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Old April 7th, 2017, 06:30 AM   #4141
xzmattzx
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I've always loved the views of Toronto from the Gardiner, but driving from Buffalo, Port Colborne, St. Catharines, etc, I've always seen the city from the southwest. I've only ever taken the expressway to Yonge Street. So seeing the city from the other perspective is surprisingly new to me, and very nice!
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Old April 7th, 2017, 07:08 PM   #4142
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Growing up I remember driving in to the city from the DVP (grew up northeast of Toronto) and counting the big buildings downtown as we took the curve up onto the elevated freeway.. Back when you could easily count the big skyscrapers downtown, because there were only 5 or 6. I used to name them by their colours (Red one, green one, white one, black one).

I was clearly an SSC member from an early age!

Going off topic a bit here, but its easy to forget how much Toronto has grown in the last decade and how much change the condo boom has really had on the city. Even in 2003 or 2004, the city was just completely different. Its crazy how fast it really changed, and continues to change.
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Old April 8th, 2017, 01:30 AM   #4143
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I am uploading these for the benefit of people who may not have experience of what it can be like to drive in the winter. Southern Ontario was hit by a late season winter snowstorm overnight, causing some pretty treacherous driving conditions for the morning commute:

Although it is not abundantly clear due the snow and ice that has been frozen to the signage, the big yellow sign to the right warns drivers of winter driving hazards on this road:




There is a thick layer of ice that has frozen to the asphalt... This snow storm was preceded by a heavy rain storm, so road crews weren't able to pre-treat the road with salt before the onslaught of snow:


This light was red:


Vitim #1:




Victim #2:


There was a third victim in the ditch further along, but I didn't snap a photo


The drive home in the afternoon was far more pleasant:
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Old April 10th, 2017, 04:45 PM   #4144
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MTO is currently looking for a service provider to design a tolling system for the HOV lanes along the 404 north of Toronto from the 401 northerly to Stouffville Road. This is just a consultant assignment, so actual implementation would be several years down the road (which makes sense as the current HOV lanes don't get anywhere near to Stouffville Road.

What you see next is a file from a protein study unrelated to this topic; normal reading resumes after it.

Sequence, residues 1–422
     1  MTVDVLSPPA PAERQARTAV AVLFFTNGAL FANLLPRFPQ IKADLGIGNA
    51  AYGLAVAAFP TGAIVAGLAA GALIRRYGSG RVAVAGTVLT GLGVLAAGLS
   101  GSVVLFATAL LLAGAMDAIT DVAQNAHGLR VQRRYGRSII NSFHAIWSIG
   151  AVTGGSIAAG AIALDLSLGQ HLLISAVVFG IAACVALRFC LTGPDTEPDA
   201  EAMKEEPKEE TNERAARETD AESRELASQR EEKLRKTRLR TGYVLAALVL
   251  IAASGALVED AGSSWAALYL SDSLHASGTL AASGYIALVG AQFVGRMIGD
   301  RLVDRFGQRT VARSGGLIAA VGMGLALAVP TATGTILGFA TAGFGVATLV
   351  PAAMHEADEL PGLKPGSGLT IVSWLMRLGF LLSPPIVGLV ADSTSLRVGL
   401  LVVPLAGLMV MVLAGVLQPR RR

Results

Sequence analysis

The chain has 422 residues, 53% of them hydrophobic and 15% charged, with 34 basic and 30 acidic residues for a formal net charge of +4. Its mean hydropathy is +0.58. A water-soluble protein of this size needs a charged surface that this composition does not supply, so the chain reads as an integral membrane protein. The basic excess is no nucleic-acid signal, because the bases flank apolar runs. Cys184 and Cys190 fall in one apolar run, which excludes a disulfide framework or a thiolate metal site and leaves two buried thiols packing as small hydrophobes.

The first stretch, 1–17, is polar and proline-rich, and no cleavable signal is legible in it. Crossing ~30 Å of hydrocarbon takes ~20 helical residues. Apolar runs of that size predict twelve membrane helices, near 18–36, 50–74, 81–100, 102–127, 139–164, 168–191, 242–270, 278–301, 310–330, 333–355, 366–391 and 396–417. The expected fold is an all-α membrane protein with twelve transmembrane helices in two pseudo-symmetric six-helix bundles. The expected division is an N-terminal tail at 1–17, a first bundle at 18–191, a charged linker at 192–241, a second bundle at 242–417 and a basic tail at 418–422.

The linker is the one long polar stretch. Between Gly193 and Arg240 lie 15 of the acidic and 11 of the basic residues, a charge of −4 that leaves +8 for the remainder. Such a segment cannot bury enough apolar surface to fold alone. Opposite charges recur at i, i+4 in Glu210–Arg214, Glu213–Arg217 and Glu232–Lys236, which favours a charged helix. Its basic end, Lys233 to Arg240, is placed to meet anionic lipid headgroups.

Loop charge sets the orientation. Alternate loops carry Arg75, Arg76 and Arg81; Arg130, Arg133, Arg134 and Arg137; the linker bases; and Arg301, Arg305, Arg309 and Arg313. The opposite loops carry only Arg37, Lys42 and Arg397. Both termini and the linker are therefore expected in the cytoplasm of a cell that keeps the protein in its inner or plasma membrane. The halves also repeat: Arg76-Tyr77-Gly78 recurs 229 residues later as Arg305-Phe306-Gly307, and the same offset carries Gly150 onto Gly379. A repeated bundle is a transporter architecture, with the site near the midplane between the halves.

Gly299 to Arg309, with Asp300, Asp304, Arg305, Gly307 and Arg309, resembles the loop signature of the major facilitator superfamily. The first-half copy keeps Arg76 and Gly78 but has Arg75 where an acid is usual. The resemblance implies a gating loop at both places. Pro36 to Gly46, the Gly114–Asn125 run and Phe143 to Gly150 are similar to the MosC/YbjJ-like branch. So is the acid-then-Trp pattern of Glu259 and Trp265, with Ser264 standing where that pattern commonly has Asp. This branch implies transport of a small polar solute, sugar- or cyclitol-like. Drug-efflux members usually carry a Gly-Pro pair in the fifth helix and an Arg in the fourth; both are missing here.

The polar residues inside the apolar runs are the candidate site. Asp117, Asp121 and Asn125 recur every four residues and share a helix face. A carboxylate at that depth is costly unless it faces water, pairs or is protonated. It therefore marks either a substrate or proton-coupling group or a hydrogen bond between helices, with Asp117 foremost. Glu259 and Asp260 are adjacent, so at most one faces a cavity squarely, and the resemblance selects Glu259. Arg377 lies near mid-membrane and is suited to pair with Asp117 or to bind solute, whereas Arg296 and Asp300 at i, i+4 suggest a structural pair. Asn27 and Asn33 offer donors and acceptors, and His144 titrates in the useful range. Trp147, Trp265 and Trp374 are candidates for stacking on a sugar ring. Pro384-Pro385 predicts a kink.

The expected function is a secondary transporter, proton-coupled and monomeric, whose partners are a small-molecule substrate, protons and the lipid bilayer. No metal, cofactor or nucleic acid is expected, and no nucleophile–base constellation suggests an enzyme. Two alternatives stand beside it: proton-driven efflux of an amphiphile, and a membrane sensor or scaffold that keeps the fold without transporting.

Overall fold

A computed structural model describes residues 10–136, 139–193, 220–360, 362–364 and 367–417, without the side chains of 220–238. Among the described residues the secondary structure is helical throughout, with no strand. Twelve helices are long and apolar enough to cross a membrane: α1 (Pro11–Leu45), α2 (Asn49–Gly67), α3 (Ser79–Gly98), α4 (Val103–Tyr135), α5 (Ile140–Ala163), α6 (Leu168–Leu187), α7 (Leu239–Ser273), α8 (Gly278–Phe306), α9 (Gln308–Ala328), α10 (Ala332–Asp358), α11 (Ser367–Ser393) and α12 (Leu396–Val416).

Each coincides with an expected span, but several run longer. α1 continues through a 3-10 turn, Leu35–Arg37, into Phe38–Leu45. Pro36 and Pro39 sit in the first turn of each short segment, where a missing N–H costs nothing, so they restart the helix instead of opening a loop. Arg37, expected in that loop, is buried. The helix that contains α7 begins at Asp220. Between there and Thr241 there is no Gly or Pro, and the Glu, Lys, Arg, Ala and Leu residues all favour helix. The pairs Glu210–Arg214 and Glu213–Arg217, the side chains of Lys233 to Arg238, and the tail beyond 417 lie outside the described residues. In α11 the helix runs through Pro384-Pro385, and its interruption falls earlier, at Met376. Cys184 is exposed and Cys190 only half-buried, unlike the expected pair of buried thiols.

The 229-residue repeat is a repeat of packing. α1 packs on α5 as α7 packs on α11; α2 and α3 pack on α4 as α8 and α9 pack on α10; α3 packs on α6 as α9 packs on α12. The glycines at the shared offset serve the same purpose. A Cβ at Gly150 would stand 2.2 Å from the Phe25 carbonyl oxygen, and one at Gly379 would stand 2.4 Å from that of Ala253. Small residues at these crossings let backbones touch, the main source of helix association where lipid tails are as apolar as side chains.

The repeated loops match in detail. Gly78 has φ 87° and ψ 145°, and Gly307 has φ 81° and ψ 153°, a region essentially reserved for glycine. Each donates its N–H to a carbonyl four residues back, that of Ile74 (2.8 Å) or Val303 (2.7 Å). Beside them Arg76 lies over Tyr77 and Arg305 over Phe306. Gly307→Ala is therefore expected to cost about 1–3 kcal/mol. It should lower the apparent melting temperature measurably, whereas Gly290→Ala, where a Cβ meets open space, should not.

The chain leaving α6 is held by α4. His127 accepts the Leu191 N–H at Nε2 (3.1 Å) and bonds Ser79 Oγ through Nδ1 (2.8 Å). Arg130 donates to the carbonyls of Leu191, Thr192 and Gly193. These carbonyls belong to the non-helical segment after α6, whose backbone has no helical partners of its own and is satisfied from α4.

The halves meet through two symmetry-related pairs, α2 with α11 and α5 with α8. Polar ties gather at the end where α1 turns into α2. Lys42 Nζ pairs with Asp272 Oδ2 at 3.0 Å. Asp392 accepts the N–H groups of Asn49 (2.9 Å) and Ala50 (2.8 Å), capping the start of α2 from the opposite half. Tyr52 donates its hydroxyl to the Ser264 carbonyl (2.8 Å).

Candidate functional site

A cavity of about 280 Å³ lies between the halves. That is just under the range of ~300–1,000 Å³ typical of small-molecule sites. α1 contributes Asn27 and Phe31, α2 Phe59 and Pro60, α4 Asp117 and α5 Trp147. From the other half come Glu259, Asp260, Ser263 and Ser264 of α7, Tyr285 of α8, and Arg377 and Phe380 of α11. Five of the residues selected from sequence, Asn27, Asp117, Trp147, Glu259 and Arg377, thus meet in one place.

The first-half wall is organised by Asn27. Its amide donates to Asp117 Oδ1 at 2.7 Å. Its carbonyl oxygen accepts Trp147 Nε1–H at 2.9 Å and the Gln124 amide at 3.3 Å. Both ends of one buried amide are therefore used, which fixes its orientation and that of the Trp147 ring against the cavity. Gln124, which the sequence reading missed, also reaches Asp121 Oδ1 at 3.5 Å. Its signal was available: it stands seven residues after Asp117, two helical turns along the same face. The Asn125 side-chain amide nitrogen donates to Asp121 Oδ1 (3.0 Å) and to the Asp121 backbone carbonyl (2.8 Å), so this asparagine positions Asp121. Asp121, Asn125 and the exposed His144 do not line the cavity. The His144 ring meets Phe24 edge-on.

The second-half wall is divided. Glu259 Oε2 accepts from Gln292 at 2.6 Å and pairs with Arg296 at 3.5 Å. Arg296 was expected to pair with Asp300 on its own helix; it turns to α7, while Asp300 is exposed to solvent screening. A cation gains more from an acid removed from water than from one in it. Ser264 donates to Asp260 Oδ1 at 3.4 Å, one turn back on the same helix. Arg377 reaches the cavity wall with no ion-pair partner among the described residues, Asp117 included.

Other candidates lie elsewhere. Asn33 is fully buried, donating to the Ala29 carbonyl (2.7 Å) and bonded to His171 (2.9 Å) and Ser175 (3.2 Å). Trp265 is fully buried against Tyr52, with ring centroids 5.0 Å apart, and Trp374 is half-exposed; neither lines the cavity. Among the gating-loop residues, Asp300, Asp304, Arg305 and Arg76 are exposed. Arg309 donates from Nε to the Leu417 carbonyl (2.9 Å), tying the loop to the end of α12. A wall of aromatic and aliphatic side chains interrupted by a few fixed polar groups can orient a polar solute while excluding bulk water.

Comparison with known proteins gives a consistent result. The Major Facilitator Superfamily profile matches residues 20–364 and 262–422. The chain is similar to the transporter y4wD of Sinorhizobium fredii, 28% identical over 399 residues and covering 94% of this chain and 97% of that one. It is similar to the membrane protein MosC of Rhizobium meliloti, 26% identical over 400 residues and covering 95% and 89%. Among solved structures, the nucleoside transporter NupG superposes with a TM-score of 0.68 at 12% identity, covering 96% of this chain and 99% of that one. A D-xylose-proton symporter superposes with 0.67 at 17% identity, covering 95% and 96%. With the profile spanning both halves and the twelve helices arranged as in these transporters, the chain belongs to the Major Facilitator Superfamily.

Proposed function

Quote:
Project Length/Location
20km/Highway 404 from Highway 401 to Stouffville Road

Project Description
The scope of this TPM assignment is to obtain one (1) engineering service provider to complete the detail design for Managed Lane tolling systems on 20 km of Highway 404. This Assignment includes the implementation of transponder subsystems, Automatic License Plate Recognition (ALPR) camera subsystems, Digital Video Auditing System (DVAS) camera subsystems and High Occupancy Toll (HOT) Message Sign (HMS) subsystems.
MTO plans on delivering this project in two contracts, one at the end of 2018 and and the other at the beginning of 2020
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Old April 10th, 2017, 06:34 PM   #4145
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Highway 401

Ontario issued a RFQ for the expansion of Highway 401 between Mississauga and Milton.
Widening Highway 401 to Keep People Moving

Ontario is creating jobs and keeping people moving by widening 18 kilometers of Highway 401 from the Credit River in Mississauga to Regional Road 25 in Milton.

The Highway 401 Expansion project includes adding HOV lanes in each direction and widening the existing six lane configuration to:

* Twelve lanes from the Credit River to Winston Churchill Boulevard
* Ten lanes from Winston Churchill Boulevard to Highway 407 ETR / Highway 401 interchange
* Twelve lanes from Highway 407 ETR / Highway 401 interchange to James Snow Parkway
* Ten lanes from the James Snow Parkway to Regional Road 25

Quick facts:

* The province has issued a Request for Qualifications to design, build and finance the Highway 401 expansion project—the first step in getting construction underway.
* The project is being delivered under Infrastructure Ontario’s Alternative Financing and Procurement model, which transfers risks associated with design, construction and financing of the project to the private sector.
* The average daily traffic for the Highway 401 in the Peel and Halton Region is approximately 108,000 to 188,000 vehicles per day.
Full press release: https://news.ontario.ca/mto/en/2017/...le-moving.html
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Old April 10th, 2017, 06:43 PM   #4146